Wednesday, July 2, 2008
Local Prosecutor Honored for Insurance Fraud Interdiction Program
By SHERRI M. OKAMOTO, Staff Writer
A national organization that fights insurance fraud yesterday presented its inaugural “Prosecutor of the Year” award to veteran Los Angeles Deputy District Attorney Albert H. MacKenzie.
The award, presented by the Coalition Against Insurance Fraud, a Washington D.C.-based association of insurers, consumer groups and government agencies, is believed to the only national award for insurance fraud prosecution from a national agency, a spokesman for the coalition said.
MacKenzie was in the nation’s capital to accept the award yesterday and could not be reached for comment.
He heads the district attorney’s fraud interdiction program, believed to be the first of its kind in the country. It was piloted by District Attorney Steve Cooley in 2004, based on a concept developed by MacKenzie, the District Attorney’s Office said in a statement.
The program “starts with an approach used years ago to incarcerate notorious gangsters such as Al Capone—tax fraud,” the statement explained.
The theory underlying the program is that a substantial number of individuals who commit insurance fraud also fail to file income taxes or grossly underreport their incomes. Another basic premise of the program is that the tax fraud cases also can lead to discovery of other crimes such as money laundering and grand theft.
A coalition spokesperson said that MacKenzie’s strategy is “simple, straightforward, and devastatingly effective,” and that “the numbers speak for themselves.”
MacKenzie had a 100 percent conviction rate for fiscal year 2007, earning convictions for 15 defendants who were responsible for more than $20 million in bogus claims, his office reported.
Cooley praised MacKenzie as a “forward-thinking, resourceful prosecutor,” whose program merited recognition “not only because it protects government-funded health plans and private health insurers, but because it works on behalf of honest consumers and working families who are burdened with the rising cost of health insurance,” in a statement yesterday.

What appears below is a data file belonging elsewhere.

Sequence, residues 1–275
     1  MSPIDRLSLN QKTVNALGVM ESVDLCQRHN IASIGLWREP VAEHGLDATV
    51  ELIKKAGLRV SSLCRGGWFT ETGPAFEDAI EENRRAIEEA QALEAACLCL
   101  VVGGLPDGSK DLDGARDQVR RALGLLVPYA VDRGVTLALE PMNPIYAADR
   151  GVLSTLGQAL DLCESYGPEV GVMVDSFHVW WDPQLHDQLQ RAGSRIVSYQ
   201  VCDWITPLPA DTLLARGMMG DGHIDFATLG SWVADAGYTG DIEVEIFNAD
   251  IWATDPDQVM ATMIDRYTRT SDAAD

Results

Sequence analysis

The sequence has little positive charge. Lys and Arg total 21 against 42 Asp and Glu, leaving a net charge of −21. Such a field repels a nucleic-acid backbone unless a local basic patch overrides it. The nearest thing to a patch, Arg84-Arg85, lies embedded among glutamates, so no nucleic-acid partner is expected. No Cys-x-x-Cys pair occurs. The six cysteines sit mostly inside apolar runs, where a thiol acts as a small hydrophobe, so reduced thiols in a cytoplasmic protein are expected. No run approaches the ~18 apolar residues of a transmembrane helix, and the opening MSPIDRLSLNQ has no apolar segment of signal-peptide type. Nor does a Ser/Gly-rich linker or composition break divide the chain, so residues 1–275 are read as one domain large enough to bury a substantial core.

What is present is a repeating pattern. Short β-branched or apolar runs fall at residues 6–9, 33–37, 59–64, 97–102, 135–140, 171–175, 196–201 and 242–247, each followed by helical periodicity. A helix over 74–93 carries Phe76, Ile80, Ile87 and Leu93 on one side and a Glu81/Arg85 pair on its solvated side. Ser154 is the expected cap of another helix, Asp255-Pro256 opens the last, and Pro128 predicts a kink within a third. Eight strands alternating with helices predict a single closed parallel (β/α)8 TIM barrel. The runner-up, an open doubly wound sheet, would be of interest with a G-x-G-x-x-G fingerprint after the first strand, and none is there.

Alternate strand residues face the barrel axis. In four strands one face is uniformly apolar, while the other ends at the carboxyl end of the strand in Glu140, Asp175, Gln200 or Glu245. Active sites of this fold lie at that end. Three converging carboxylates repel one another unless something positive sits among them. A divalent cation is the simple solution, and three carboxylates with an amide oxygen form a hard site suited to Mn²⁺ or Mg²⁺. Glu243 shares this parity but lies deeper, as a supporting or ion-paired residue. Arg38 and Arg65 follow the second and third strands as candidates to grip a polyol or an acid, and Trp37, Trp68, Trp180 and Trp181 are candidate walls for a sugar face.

Dennis Jay, the coalition’s executive director, called MacKenzie’s strategy “a silver bullet in many insurance fraud cases,” in a statement, further opining that “prosecutors elsewhere should look closely at the tax angle as a new tool.”
State Controller and Franchise Tax Board Chair John Chiang, who partnered with the District Attorney’s Office to investigate tax fraud, said he was “proud to see the state and local governments working together to stop these serious crimes and protect individuals who depend upon accessible healthcare services.”
The Los Angeles County Quality and Productivity Commission also honored the program in 2006.
MacKenzie attended California State University, Long Beach and the Glendale College of Law. He spent two years in private practice before joining the Los Angeles District Attorney’s Office in 1973.
He was honored as the Deputy District Attorney of the Year in 1996 by the Association of Deputy District Attorneys. He has had a variety of assignments in the office over the years, including the prosecution of Efren Saldivar, the former Glendale Adventist respiratory therapist who once called himself the “Angel of Death” and who pled guilty to murdering six elderly patients and attempting to murder a seventh.
Copyright 2008, Metropolitan News Company